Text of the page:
Published: Jun 08, 2011 02:00 AM
Modified: Jun 06, 2011 10:15 PM
Roses to Kent Pecora, a former student athlete at Chapel Hill High School, who last week won the NCAA Div. III national championship in the steeplechase.
Pecora, a senior at Dickinson College, broke out of a cluster of five runners heading into the last lap of the 3,000-yard race and pulled away to finish alone in front. He finished in 8:51.85, a school and conference record, and the eighth-fastest time in NCAA Div. III history.
Perhaps most remarkable, Pecora became the national champion just one year after failing to even qualify for the title meet. He said watching the championship race from the stands last year motivated him to experience it from a much more exciting vantage point this year. In the end, he saw what every competitive runner hopes to see in front of him: nobody.
Roses to the local law enforcement and animal control officers who responded to the appearance of a black bear in Chapel Hill last month by calmly monitoring its visit and keeping it and everybody else safe until the bruin ambled on, heading for parts unknown.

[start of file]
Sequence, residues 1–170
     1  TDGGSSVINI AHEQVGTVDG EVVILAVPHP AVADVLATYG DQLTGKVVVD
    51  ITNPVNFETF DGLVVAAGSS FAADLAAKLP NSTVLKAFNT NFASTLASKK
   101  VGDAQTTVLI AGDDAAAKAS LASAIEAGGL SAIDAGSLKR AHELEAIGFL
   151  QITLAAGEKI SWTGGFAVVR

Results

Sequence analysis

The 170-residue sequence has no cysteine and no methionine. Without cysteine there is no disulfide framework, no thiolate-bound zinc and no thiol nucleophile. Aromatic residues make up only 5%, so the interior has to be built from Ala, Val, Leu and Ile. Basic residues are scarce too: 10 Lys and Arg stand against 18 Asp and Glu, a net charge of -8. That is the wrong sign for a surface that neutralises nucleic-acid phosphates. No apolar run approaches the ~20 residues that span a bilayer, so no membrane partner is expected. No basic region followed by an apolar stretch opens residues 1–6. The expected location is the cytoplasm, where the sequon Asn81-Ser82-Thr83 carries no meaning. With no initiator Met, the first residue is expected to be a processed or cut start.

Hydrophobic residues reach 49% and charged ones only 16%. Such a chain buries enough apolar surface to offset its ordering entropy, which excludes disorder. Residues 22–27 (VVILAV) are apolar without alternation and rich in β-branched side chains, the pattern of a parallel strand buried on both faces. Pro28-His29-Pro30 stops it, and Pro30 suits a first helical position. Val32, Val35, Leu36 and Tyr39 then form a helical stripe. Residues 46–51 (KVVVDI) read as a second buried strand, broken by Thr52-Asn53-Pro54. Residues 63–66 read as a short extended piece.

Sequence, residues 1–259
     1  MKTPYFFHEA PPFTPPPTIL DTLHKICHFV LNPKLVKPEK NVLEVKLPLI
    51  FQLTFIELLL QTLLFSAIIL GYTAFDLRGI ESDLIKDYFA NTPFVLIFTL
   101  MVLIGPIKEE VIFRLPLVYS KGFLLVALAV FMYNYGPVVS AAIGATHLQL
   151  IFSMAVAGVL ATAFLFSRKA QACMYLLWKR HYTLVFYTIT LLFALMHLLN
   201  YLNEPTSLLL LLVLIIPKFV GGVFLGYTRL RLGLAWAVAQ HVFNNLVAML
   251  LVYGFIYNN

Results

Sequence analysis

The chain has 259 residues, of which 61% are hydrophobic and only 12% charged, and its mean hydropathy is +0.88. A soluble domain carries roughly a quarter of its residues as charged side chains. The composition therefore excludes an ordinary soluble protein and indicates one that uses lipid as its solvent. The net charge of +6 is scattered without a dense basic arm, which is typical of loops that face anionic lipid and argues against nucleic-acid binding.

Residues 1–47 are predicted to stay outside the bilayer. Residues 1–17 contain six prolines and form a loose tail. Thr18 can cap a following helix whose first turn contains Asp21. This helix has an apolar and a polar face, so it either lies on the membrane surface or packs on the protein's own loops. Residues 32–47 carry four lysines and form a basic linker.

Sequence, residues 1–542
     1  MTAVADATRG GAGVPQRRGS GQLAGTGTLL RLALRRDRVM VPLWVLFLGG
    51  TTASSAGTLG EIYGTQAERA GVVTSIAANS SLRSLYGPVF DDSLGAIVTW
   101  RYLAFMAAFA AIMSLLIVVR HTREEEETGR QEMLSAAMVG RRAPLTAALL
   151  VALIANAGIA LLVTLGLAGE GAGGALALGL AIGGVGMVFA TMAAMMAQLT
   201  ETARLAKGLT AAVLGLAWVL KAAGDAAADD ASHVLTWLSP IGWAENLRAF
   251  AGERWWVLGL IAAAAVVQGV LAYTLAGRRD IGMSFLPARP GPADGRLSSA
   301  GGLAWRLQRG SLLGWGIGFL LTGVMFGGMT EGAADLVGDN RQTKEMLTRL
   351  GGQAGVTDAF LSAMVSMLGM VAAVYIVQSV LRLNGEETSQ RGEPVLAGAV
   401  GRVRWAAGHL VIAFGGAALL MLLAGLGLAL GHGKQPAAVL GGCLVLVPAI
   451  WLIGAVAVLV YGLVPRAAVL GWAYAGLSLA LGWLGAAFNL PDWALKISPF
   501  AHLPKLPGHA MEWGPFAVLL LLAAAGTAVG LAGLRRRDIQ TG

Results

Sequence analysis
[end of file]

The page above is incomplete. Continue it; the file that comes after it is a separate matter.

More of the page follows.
There have been a spate of bears seen in Piedmont urban areas this spring.
Wildlife officials agree that the best thing to do in such situations, unless the bear is acting aggressively, is nothing. The bears usually are passing through, and in general the idea is to let them pass undisturbed.
That doesn't always happen. Durham police killed a bear in 2001, and just last week a bear was shot and killed after it wandered onto a runway at Piedmont Triad International Airport.
When started golfers at Finley Golf Course saw, of all things, a bear moseying along the No. 3 fairway and alerted officials, the officers who responded tried to keep tabs on the creature, primarily to try to prevent it from wandering into traffic.
They succeeded, and the bear moved on, headed, we presume, for greener pastures.
Roses to Drew Breithaupt, a senior at UNC, who launched an impressive project called Autism Outreach when he was just a freshman.
Breithaupt's sister has autism, but she lives in Louisiana. He started Autism Outreach, he said, as "my way of coping with not doing stuff with her."
Among the organization's programs is a monthly event called Sunday Fundays, which invites families to bring their children with autism to play with the UNC students who serve as Autism Outreach volunteers.
The families say their kids love the sessions. One young participant, Joshua Weinzimmer, 5, agreed: "I love to go to the university," he said. "That's where the big kids go to school and play."
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